Ahead of the Curve: Countdown for Kosovo

February 5, 2007 Tags: DiplomacyKosovoIraq War

Ahead of the Curve: Countdown for Kosovo

Mini Teaser: United Nations special envoy Marrtti Ahtisaari introduced his plan for Kosovo to Serbian and Kosovar leaders over the weekend. In the Spring 2006 issue of The National Interest Tim Potier addressed how Washington should approach the delic

by Author(s): Tim Potier

Through the 1975 Helsinki Act, freezing borders was designed for a Cold War Europe divided between two superpowers; it remains a good principle, but we may need to prepare for exceptions to the rule. Managing the world is never easy. Washington will have to prioritize its dealings with Europe's territorial conflicts. Putting some disputes on the backburner can allow for workable compromises to emerge over time, leading to a better peace than might be achieved with time pressures. In addition, U.S. officials will have to carefully consider the broader effects of any given resolution, not only on other ongoing conflict-negotiations, but also on the interests of other important powers that America cooperates with over a broad range of issues.

Ever since the ethnic troubles that rocked the province of Kosovo in the spring of 2004, the international community has been increasingly concerned that Kosovar Albanians-frustrated so far in their bid for independence from Serbia-could turn on the UNMIK force that is precariously keeping the peace. Such a development would destabilize the whole region. Those concerns prompted the United Nations to commence (informally at first) status talks on Kosovo in November at Washington's behest, after the voluntary surrender of Kosovo's then-Prime Minister Ramush Haradinaj to the War Crimes Tribunal in the Hague.

Washington has been at pains to reassure all interested actors that the outcome of the status talks has not been determined, but it appears the United States has reconciled itself to the future possibility of an independent Kosovo. That development could have far reaching implications for Serbia, for America's and Europe's relations with Russia, and for Europe's other aspirants of autonomy.

Most immediately, Serbia would have to be placated. An independent Kosovo could rile and give strength to Belgrade's Serbian radicals. Serbians would be particularly angered by independence for Kosovo, given Serbia's recent democratic progress. In addition, Serbia would have to be reassured with legally defined guarantees on the protection of the Serbian minority in Kosovo and its cultural heritage.

The international community could try to induce Serbia's cooperation through the prospect of that country's entry to the European Union. Serbia might then subordinate its ethnic and cultural sensitivities to its far more vital goals of attaining EU membership at the earliest possible date, securing its position within the Western alliance (perhaps with NATO membership), and attempting to establish itself as the prime diplomatic actor in the region.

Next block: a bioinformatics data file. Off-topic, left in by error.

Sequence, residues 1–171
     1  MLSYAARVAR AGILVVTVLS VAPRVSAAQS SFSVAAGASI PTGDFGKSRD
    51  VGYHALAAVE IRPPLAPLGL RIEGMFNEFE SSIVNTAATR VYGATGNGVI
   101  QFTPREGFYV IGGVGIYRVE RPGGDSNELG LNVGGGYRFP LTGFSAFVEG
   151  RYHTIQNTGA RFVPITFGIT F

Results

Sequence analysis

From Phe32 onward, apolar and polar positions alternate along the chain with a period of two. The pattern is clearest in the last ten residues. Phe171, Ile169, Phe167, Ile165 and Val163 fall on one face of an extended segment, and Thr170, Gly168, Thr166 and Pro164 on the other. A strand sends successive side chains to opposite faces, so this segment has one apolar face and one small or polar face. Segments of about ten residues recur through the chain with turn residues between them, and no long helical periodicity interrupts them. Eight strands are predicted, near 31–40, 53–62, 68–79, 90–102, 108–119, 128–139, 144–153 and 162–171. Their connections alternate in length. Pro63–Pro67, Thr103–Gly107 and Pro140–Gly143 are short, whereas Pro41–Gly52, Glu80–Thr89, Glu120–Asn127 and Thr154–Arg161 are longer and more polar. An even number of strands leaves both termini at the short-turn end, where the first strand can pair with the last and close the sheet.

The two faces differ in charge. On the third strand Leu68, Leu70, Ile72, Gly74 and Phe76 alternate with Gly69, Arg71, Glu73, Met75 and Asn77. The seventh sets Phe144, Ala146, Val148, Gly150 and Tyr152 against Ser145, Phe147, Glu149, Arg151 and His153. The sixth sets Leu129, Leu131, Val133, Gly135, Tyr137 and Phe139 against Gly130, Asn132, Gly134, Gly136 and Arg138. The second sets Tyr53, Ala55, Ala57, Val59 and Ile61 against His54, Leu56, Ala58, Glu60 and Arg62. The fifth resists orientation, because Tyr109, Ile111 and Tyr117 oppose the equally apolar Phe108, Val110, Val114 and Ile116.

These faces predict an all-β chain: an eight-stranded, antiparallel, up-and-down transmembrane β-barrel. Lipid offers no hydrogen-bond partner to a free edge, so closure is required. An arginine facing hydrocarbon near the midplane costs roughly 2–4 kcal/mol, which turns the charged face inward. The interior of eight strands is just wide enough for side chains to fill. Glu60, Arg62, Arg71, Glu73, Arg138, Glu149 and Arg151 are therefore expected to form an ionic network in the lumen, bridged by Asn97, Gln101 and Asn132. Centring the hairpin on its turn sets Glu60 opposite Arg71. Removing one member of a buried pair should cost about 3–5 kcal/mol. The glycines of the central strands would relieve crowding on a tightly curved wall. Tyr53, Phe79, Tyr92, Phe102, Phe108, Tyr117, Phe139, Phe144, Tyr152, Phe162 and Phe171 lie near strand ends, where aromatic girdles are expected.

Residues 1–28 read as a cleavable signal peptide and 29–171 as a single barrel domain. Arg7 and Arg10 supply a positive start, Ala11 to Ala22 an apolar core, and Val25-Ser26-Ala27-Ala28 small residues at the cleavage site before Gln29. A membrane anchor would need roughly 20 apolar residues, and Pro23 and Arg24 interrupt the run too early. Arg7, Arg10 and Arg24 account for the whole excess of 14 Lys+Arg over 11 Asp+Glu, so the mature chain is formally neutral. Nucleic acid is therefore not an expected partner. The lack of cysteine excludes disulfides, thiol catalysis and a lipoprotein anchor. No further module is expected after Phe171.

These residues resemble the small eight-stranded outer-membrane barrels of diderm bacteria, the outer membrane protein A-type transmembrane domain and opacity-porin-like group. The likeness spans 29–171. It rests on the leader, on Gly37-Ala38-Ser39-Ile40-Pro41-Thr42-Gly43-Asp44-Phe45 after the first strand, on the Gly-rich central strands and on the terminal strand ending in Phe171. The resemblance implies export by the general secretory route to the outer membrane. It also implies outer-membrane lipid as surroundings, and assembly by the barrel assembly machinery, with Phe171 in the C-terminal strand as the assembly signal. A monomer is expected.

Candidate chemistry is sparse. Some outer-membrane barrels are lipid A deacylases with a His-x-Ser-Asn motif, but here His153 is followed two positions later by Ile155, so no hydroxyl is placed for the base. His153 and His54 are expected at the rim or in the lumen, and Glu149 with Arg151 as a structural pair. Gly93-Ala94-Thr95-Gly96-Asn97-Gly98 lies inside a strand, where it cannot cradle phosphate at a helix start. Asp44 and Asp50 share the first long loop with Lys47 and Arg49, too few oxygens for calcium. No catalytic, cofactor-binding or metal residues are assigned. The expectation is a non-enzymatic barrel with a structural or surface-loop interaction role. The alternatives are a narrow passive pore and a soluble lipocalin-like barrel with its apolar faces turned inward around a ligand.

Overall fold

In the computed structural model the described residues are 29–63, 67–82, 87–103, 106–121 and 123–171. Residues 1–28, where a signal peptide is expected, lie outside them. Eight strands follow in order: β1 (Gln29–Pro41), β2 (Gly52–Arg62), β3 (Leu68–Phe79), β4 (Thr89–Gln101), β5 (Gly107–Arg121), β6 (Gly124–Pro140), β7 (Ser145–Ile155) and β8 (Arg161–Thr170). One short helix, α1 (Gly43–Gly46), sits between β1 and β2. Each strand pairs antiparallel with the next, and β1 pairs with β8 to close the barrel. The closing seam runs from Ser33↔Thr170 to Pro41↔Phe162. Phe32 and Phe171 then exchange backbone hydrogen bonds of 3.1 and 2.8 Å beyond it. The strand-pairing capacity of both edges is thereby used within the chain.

An independent Kosovo, though, would raise new demands for self-determination by the Serb minority there, highlighting just how untidy the business of partition can be. If independence for Kosovo is the option taken, an equally damned decision will have to be made as to whether it is received whole or in parts. If Kosovo itself is not partitioned, then its independence will have to be guided by an EU-led mission with reserved powers, while strenuous efforts would have to be made to persuade the Serbian population to participate in governmental structures. If such an approach is coupled with some form of (non-territorialized) Serbian self-government, including protections for elements of Serbian culture (such as linguistic and educational traditions), then such a compromise could well become the preferred option.

It is distinctly possible that Washington would view an independent Kosovo as a singular exception. The rest of the world, though, might not. With an eye on Georgia's restive areas, Russian President Vladimir Putin said in a press conference on January 30, 2006 that a Kosovo precedent would need to be applied to the other "frozen conflicts" along Europe's periphery-such as the one between Georgia and Abkhazia.

Tim Potier is assistant professor of International Law & Human Rights at Intercollege (UniversityCollege) inNicosia,Cyprus. This is an excerpt from his article which appeared in the Spring 2006 issue of The National Interest. The complete article is available for TNI subscribers here.

Essay Types: Essay